The Steller's sea eagle is spotted eating a duck in Boothbay, Maine in January 2022. Credit: Courtesy of Steven Ditzler

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It was nearly a year ago that a rare bird — the Steller’s sea eagle — made an appearance in Maine.

There are only a few thousand of these birds in the entire world. These impressive birds of prey have an 8-foot wingspan and “honking” yellow bill, as one observer described it last winter. Their usual habitat is in eastern Russia and they fly south to the Korean Peninsula or Japan for the winter.

The sea eagle that landed in Maine, which was thousands of miles from its typical home, received a big reception when it popped up along the coast.

Birders from around Maine and the Northeast flocked to the Georgetown area to see the sea eagle. Hundreds of bird watchers visited the midcoast hoping for a glimpse of the unusual visitor and some lobstermen even offered tours in their boats.

It made for a wonderful, if unusual, celebration to close out 2021 and start the new year.

“I don’t even know what to compare it to. We often say these [rarities] shouldn’t be here. This bird should not even be on this continent,” Maine Audubon naturalist Doug Hitchcox told the Portland Press Herald last December. “But because there are only about 4,000 in the world, you could travel the world birding and never see one. And it’s an hour from my home.”

It appears the bird stayed in Maine until sometime in February. A sea eagle — perhaps the same one — was spotted in Nova Scotia in April. It was likely a return trip to Asia or Russia, according to Maine Audubon.

Dare we hope for a return visit to Maine? Perhaps. A sea eagle was photographed in New Brunswick, Canada, in late November, according to a Steller’s sea eagle Twitter page (yes, one exists). There were reports of a sea eagle in Newfoundland in early November.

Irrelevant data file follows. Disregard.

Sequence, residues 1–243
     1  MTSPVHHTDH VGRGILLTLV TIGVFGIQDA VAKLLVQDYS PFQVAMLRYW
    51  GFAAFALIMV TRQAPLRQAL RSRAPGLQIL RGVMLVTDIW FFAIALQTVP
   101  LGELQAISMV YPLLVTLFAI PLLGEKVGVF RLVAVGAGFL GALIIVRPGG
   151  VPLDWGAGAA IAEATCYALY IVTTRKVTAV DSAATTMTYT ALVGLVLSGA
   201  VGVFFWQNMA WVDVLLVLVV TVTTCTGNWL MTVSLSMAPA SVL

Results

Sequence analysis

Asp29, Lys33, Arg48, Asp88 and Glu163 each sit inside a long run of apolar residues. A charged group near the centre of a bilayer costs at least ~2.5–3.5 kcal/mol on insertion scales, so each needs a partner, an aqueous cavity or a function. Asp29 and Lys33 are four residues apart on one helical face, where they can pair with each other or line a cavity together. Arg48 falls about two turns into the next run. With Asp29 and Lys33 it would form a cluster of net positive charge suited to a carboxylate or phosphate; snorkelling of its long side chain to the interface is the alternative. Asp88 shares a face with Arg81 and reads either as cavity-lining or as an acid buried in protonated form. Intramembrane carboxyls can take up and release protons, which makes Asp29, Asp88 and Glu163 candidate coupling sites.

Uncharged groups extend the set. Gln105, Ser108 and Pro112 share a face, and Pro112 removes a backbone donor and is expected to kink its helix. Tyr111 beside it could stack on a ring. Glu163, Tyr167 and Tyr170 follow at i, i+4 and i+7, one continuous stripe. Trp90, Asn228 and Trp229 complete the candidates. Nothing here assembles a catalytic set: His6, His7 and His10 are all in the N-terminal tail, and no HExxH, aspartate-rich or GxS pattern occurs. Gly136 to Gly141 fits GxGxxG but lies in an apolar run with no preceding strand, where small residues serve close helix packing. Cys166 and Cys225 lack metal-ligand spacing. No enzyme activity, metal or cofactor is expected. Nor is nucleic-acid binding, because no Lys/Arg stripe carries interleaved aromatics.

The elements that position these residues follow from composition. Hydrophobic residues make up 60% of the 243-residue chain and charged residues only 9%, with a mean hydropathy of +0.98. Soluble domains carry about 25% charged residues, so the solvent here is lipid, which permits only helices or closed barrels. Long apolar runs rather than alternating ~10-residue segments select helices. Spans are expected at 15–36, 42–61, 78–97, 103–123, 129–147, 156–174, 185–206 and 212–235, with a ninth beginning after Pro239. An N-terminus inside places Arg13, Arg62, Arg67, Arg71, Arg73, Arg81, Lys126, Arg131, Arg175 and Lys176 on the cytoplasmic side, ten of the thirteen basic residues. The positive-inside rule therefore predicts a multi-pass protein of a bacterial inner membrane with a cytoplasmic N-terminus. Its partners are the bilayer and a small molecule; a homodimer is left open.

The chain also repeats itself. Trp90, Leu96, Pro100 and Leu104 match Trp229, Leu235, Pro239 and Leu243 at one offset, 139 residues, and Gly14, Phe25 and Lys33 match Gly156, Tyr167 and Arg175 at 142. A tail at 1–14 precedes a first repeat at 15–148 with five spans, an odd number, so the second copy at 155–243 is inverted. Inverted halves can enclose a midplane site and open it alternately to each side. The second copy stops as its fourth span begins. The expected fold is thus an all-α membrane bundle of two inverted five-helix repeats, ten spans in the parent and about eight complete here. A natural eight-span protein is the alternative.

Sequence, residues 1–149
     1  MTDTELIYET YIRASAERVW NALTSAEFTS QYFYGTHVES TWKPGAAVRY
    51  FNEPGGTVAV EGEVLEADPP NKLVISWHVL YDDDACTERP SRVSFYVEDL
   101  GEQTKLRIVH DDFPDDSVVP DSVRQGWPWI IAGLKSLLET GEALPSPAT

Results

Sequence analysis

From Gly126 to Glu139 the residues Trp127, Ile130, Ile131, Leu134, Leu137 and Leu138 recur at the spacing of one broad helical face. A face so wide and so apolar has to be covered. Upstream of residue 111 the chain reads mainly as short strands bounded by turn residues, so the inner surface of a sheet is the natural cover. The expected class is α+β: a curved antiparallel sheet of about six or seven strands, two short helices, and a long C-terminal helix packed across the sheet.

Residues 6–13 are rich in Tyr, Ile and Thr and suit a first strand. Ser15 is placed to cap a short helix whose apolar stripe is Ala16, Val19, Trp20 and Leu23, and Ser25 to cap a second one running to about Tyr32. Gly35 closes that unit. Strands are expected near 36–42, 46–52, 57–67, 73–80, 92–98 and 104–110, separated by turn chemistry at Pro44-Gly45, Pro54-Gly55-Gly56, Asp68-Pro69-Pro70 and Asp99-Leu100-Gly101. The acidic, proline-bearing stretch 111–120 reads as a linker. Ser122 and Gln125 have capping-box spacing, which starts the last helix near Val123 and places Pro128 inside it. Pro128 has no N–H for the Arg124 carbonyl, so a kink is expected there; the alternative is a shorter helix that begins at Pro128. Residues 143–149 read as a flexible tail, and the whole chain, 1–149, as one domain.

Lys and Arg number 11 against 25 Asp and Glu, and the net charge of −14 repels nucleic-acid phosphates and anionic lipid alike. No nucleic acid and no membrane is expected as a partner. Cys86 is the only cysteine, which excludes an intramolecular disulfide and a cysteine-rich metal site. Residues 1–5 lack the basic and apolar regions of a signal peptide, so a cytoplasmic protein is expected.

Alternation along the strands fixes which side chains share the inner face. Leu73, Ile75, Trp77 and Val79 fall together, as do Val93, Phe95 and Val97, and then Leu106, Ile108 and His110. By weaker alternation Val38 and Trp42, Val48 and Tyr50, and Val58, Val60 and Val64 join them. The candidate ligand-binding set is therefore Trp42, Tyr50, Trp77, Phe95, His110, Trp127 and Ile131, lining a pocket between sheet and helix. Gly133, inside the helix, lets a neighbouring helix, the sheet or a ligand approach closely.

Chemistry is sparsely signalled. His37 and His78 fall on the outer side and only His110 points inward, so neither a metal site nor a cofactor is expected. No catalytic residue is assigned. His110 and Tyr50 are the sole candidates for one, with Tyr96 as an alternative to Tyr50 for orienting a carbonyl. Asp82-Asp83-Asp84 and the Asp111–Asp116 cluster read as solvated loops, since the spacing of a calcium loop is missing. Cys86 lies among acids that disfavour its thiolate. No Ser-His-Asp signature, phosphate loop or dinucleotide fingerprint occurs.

Hitchcox said this fall that a return visit is possible as the bird migrates south for the winter.

Gov. Janet Mills was among the lucky Mainers to previously spot the huge, rare bird. She and two state commissioners took a boat ride to get a look at the bird in mid-January when it settled around Boothbay Harbor, according to the Press Herald.

“Once I spotted it, I was struck by its sheer gracefulness as it flew across the sky. And I was grateful to have witnessed its journey,” Mills said in an email to the paper.

“I certainly hope that the sea eagle — and birders hoping to see it again — will return to Maine for a visit soon,” she said.

We do too, governor. We do too.

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The BDN Editorial Board

The Bangor Daily News editorial board members are Publisher Richard J. Warren, Editorial Page Editor Susan Young, Assistant Editorial Page Editor Matt Junker and BDN President Todd Benoit. Young has worked...